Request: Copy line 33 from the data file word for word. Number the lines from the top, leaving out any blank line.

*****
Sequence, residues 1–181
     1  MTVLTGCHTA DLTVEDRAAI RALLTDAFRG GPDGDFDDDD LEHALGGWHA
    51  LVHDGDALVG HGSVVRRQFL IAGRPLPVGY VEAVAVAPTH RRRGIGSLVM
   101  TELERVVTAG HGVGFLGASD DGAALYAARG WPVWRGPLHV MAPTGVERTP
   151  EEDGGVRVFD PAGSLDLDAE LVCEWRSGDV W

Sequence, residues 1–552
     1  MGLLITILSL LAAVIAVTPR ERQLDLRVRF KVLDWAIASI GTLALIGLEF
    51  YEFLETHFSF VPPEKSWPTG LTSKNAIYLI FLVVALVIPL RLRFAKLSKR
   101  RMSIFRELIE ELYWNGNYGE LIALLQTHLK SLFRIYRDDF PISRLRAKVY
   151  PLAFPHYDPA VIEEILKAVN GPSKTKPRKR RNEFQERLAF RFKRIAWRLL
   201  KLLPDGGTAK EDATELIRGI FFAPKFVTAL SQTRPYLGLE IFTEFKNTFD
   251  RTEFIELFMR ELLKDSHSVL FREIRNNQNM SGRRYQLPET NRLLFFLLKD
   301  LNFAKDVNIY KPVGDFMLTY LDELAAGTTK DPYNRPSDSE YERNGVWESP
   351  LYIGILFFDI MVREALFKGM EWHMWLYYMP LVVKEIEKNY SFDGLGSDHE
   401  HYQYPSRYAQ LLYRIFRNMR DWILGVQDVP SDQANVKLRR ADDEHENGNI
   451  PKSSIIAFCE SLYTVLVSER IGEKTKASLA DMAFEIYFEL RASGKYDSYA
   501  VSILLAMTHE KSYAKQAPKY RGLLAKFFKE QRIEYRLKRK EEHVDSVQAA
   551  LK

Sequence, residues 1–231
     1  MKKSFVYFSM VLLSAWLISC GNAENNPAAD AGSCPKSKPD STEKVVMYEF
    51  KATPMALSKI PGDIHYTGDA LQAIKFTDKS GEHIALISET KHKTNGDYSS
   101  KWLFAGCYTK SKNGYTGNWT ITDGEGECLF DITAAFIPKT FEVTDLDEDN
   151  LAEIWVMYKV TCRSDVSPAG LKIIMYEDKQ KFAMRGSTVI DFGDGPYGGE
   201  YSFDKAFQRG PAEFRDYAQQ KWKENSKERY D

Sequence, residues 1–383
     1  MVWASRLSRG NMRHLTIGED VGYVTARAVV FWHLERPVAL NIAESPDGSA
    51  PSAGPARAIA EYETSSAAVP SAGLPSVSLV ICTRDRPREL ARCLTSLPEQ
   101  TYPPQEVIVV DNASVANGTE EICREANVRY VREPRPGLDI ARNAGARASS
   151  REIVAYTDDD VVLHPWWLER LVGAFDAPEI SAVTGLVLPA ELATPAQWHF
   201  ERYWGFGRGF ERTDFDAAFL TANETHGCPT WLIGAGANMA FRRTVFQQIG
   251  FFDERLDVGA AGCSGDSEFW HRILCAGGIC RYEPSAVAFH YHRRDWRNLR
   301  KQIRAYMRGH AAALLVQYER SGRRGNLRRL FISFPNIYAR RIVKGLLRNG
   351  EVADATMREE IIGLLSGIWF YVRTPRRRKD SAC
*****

   351  EVADATMREE IIGLLSGIWF YVRTPRRRKD SAC